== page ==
Li, P.-H., Li, W.-B., Li, B.-W. 2022. Positional behavior and substrate use in wild Tibetan macaques. Animals 12(6), 767.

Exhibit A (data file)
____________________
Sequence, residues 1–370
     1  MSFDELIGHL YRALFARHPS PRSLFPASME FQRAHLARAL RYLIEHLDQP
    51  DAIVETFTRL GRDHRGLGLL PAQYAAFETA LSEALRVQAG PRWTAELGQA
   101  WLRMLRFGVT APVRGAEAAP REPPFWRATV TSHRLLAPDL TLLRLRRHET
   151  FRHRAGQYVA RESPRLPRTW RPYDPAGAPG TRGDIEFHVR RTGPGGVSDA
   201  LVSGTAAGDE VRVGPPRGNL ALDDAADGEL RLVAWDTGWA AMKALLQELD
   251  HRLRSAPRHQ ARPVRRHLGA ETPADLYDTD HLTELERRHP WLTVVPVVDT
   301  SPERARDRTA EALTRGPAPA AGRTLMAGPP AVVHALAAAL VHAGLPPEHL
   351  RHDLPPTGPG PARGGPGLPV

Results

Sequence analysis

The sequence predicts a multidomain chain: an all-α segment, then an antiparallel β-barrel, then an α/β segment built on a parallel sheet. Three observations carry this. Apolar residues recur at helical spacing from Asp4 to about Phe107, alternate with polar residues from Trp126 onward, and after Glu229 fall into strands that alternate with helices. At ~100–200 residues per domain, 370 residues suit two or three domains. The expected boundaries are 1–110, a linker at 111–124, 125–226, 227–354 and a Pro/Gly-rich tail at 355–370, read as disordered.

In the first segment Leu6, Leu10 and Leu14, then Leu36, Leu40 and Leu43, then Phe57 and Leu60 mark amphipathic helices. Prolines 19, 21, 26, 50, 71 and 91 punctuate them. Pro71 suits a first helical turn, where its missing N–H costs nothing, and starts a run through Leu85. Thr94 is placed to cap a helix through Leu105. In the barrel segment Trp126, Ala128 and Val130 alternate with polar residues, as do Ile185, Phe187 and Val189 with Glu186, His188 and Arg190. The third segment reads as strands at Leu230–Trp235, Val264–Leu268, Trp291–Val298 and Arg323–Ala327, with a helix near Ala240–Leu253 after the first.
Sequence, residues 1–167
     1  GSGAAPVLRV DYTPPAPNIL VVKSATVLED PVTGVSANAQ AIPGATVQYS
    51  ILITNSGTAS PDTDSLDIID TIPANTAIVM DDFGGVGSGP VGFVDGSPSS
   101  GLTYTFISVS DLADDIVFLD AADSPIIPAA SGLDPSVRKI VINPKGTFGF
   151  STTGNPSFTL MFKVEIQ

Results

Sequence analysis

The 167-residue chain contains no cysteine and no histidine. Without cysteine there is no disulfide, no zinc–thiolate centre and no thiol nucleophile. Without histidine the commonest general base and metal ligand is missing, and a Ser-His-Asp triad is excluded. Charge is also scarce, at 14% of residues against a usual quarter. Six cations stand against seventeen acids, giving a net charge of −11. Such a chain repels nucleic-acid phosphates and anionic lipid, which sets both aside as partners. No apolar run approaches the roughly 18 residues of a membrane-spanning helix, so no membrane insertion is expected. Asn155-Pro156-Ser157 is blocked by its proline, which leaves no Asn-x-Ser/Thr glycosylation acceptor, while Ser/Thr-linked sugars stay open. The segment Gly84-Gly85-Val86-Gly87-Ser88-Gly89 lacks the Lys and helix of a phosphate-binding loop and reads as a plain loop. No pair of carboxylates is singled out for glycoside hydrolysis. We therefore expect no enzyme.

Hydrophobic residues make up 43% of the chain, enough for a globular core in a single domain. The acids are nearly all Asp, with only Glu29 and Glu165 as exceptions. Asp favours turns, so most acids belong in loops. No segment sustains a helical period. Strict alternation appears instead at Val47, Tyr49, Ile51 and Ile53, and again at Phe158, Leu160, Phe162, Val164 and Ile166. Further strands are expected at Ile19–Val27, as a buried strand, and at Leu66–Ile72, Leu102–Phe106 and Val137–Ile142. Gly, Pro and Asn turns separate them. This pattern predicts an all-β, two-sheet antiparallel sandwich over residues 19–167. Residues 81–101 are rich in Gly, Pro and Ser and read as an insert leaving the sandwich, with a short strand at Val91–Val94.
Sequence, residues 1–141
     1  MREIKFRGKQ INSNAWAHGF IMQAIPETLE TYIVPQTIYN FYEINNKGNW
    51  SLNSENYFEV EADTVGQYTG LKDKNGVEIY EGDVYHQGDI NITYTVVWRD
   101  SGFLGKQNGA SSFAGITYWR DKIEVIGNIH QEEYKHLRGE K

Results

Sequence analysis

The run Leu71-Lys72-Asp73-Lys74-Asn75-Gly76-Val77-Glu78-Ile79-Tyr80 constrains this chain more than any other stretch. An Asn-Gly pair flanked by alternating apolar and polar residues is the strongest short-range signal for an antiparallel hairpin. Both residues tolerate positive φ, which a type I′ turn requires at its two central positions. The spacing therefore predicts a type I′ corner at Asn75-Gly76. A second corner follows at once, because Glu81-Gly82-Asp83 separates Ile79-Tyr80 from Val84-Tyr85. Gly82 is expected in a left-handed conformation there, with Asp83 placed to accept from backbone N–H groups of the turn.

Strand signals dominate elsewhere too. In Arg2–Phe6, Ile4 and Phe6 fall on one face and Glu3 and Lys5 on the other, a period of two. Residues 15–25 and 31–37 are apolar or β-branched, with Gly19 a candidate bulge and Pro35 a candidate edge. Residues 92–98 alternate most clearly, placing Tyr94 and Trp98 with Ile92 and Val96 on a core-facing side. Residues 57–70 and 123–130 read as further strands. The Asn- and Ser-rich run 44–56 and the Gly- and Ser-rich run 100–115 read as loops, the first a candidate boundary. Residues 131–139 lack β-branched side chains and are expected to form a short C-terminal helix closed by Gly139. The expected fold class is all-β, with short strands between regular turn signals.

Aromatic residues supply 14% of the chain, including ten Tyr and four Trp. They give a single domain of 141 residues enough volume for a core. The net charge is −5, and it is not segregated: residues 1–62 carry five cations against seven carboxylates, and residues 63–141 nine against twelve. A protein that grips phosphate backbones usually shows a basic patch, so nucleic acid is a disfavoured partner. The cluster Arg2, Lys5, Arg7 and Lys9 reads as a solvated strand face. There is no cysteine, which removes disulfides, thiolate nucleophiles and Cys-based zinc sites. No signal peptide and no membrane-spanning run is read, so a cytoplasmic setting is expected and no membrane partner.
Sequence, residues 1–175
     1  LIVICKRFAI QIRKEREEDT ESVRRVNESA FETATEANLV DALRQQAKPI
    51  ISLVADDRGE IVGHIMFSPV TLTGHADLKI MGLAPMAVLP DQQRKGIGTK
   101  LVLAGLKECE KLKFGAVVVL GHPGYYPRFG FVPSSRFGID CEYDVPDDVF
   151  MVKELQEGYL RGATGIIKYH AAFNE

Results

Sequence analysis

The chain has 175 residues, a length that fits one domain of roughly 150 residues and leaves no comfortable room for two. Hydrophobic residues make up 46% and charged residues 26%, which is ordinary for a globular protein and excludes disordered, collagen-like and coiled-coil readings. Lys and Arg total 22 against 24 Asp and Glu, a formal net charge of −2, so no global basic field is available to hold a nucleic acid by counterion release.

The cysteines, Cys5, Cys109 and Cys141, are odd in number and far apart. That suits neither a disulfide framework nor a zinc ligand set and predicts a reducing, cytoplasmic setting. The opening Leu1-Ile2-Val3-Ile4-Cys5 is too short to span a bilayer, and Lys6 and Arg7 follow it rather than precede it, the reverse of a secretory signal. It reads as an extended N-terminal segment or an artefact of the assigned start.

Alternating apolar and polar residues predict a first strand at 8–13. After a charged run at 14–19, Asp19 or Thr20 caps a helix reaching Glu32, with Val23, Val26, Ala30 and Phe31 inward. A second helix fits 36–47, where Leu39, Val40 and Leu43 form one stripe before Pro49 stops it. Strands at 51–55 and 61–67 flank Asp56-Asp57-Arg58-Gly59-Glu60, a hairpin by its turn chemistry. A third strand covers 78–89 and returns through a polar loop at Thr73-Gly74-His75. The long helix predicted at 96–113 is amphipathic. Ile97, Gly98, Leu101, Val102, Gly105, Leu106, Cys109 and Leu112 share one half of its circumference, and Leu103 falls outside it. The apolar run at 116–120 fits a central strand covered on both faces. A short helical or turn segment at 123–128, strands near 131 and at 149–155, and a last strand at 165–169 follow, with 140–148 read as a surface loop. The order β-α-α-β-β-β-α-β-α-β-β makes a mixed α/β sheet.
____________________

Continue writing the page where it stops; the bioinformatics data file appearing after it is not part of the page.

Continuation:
Body size and individual development significantly affect positional behavior and substrate use. However, only a few studies have been conducted on immature wild macaques. We studied wild Tibetan macaques (Macaca thibetana) inhabiting Mt. Huangshan, China, to explore the degree of interspecific variation in positional behavior in relation to body weight and individual development. From September 2020 to August 2021, we used instantaneous scan sampling (duration 5 min, interval 10 min) to record age–sex groups, locomotions, postures, and substrate attributes. The results showed that Tibetan macaques used terrestrial substrates in nearly two-thirds of the recorded observations. The main postural modes were sitting and quadrupedal standing. The main locomotor modes were quadrupedal walking and climbing among all age–sex group records. Positional behavior and substrate use in adults only significantly differed from those in juveniles and infants. Although adult males were larger than the other age–sex groups, they did not climb and bridge more frequently than the other age–sex groups. The frequency of climbing, leaping, and suspension was significantly higher in juveniles than in adults. In addition, adult males used terrestrial and larger substrates more frequently, while juveniles and infants used arboreal substrates and terminals more frequently than adult males during traveling and feeding. We hypothesize that the more positional behavioral spectrum of Tibetan macaque juveniles’ may be related to rapid skeletal muscle development. These results suggest that differences in interspecific positional behavior may be caused by the individual development and survival needs of individuals, rather than just body size.